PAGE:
- Righty Tighty, Lefty Loosey! Turning the pin right/clockwise will tighten the pin and raise the pitch. Turning it left/counter-clockwise will loosen the pin and lower the pitch.
- Do not overwork the pin. Twist it gently, little by little, without bending it. Don't wiggle it side to side in any way. Move the pin as little as you can (you'll get better with practice.) Too much twisting and wiggling can loosen it; a loose pin will keep slipping out of tune. Rough technique may permanently loosen pins. Loose tuning pins will need to be replaced by a professional.
- About "Setting the Pin." Setting the pin means to move it in such a way that it does not easily slip back out of tune. To set the pin your final tuning movements should be:
This is where practice comes in. The better the tuner, the better he or she is at setting the pins, and the longer the piano holds tune. As a novice, your piano probably won't hold tune as long because of this important skill.
- a slight tightening/clockwise move to stretch the string just a hair above pitch
- followed by an even slighter loosening/counterclockwise to move into pitch.
- Loosen the tension a little first before tightening. Better to relax the string than to overtighten needlessly, especially if you happen to be on the wrong string! Overtightening breaks strings, and is a common error for inexperienced tuners
- Striking the key firmly is important. The vibrations this creates equalized the tension along the string. A string firmly struck while tuning will stay in tune lnger. If you tune by playing softly, the string may relax later when someone does play it hard, and it will slip out of tune. If you like, you can begin your tuning of each key with gentler hits; striking it hard all the time is exhausting and irritating to the ear. When you think you have it, hit it hard a few times as you finish the final touches.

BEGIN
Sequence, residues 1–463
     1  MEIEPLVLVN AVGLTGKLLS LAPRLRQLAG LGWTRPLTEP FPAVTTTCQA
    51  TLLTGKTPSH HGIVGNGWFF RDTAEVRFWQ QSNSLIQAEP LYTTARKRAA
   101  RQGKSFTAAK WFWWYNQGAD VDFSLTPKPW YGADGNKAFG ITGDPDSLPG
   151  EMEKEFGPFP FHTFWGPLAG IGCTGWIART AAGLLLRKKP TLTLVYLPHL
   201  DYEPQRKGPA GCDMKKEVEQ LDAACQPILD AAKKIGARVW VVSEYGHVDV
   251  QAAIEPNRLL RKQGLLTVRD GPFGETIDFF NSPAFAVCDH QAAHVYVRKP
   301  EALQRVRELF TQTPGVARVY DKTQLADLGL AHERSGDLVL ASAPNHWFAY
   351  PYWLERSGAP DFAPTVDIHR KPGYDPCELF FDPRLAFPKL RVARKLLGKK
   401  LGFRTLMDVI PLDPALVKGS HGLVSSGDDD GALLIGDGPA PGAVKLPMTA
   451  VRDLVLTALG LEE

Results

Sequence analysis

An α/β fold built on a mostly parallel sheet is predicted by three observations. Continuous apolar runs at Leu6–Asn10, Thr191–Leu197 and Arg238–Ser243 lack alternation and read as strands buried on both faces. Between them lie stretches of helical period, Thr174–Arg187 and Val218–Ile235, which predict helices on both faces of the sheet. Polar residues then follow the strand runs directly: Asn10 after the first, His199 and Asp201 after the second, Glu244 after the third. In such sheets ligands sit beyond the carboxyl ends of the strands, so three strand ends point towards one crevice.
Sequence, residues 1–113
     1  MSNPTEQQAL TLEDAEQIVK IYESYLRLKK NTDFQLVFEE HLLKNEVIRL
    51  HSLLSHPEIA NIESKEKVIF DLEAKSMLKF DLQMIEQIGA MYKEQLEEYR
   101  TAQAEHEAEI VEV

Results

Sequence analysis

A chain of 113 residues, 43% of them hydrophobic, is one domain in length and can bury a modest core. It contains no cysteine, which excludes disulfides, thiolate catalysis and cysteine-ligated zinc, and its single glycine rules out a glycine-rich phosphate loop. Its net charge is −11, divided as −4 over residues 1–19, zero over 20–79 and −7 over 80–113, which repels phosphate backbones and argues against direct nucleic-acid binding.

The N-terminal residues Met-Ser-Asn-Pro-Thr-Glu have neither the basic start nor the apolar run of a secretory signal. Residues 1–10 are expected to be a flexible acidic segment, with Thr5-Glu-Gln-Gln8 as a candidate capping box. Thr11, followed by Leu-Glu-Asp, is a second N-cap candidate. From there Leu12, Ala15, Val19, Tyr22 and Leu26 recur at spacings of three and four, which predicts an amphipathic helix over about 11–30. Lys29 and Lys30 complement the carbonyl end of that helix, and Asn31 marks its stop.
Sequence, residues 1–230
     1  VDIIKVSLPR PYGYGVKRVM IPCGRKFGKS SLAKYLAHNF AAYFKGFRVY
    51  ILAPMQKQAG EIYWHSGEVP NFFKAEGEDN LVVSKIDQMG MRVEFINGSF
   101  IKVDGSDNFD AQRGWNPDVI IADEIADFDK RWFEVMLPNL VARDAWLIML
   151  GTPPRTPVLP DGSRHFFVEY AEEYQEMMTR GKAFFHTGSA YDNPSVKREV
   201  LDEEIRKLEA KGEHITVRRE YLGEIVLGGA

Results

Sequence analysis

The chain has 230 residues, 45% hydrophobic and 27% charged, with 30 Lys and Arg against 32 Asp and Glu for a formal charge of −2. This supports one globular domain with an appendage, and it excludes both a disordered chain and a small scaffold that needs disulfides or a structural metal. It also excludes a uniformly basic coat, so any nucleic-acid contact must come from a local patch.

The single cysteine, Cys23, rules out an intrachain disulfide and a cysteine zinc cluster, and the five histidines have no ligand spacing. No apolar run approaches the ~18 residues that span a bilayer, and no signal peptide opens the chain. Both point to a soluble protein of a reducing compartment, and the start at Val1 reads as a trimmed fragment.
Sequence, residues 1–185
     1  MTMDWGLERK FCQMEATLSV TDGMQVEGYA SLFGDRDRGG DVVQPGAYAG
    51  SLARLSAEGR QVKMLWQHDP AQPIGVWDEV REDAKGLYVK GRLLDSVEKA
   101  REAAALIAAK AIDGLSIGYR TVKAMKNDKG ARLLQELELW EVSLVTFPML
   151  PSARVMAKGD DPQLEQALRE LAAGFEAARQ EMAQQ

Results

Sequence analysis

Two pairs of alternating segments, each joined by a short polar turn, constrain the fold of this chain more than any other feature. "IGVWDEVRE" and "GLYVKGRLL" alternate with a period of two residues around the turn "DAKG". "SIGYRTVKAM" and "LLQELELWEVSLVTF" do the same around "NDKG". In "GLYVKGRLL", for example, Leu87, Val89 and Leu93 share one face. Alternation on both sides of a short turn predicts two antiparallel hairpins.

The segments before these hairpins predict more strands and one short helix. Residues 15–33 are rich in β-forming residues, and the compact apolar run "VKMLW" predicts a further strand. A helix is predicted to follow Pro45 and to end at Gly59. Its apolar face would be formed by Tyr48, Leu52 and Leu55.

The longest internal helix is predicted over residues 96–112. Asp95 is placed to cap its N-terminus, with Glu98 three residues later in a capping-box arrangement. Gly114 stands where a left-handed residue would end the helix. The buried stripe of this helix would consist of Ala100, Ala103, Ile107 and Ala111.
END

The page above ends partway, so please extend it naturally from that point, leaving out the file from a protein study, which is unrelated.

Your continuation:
- As you tune with an electronic tuner, particular an inexpensive one with its jumpy LCD needle, you will find it nearly impossible to hit dead on the frequency each time. I tend to stay just a shade sharp when in doubt, as my piano generally goes out of tune to the flat, not the sharp. Tuning a little sharp also gives a brighter sound, but do not overdo it.
- A good piano tuner may tune the middle register a little sharp on purpose, because the process of tuning the high and low registers can flat the middle sometimes. (Fast explanation: All those strings put a lot of tension on the sound board. As you work your way to the ends of the keyboard, the resulting tension changes can subtly alter the shape of the sound board, reducing the tension on the middle octaves, causing the middle octaves to flat.) If you tune the middle a little sharp, by the time you finish the upper and lower, the middle will, in theory, be in tune. I wouldn't worry about this as a beginner. This is an advanced technique that the experience of the professional can bring, and you can work toward as your skills improve. (When you really know what you are doing, then you will learn how to stretch the octaves. See Technical Sidenotes below.)
3 After the first string is tuned, move the wedges so that the first string and the second string are free, but the third, if present, is still dampened by the wedge. Ignore the tuner. Just put your wrench on the second string's pin. While repeatedly striking the key hard, turn the second pin until you can hear no more "beats"--that is, it sounds like one note, not two in disharmony. Repeat for the third string if necessary, with all wedges removed.
If you are not sure what to listen for, here is an mp3 (104k file) I recorded of a piano note being tuned. In the recording, I start with a middle A that is in tune, then use my tuning wrench to loosen one of the strings out of tune, then bring it back in tune again. Disclaimer: In order to demonstrate in this mp3, I have turned the pin much more than is healthy for the pin. Move your pins as little as possible to avoid loosening them.
Alternatively, you could tune all the strings in a key's set with the electronic tuner, but that's not as easy as you might think. Getting that little indicator to line up just right becomes tedious fast. Using your ear to tune the strings to each other is faster and will sound better (see technical note below)
4 Repeat steps 2 and 3 for each key in the middle octave.